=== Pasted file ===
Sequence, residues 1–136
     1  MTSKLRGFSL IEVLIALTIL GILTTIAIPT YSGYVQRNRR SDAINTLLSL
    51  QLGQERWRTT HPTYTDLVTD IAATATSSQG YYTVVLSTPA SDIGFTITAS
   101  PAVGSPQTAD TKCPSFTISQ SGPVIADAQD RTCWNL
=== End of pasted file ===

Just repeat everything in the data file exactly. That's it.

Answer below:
Sequence, residues 1–136
     1  MTSKLRGFSL IEVLIALTIL GILTTIAIPT YSGYVQRNRR SDAINTLLSL
    51  QLGQERWRTT HPTYTDLVTD IAATATSSQG YYTVVLSTPA SDIGFTITAS
   101  PAVGSPQTAD TKCPSFTISQ SGPVIADAQD RTCWNL